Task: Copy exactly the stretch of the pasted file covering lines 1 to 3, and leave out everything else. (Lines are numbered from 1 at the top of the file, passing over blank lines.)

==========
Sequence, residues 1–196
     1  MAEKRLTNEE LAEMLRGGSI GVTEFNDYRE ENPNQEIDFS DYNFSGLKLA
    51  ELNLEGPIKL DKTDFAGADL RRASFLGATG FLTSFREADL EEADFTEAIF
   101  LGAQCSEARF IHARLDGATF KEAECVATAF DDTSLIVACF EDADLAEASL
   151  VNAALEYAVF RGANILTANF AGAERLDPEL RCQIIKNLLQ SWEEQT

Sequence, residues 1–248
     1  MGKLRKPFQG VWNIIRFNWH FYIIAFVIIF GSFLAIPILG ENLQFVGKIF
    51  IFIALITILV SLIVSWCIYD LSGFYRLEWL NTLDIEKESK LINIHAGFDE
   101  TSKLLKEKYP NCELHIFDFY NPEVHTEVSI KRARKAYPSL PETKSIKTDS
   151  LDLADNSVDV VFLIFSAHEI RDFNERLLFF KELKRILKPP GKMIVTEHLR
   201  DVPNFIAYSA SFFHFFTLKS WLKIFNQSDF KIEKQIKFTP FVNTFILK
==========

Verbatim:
Sequence, residues 1–196
     1  MAEKRLTNEE LAEMLRGGSI GVTEFNDYRE ENPNQEIDFS DYNFSGLKLA
    51  ELNLEGPIKL DKTDFAGADL RRASFLGATG FLTSFREADL EEADFTEAIF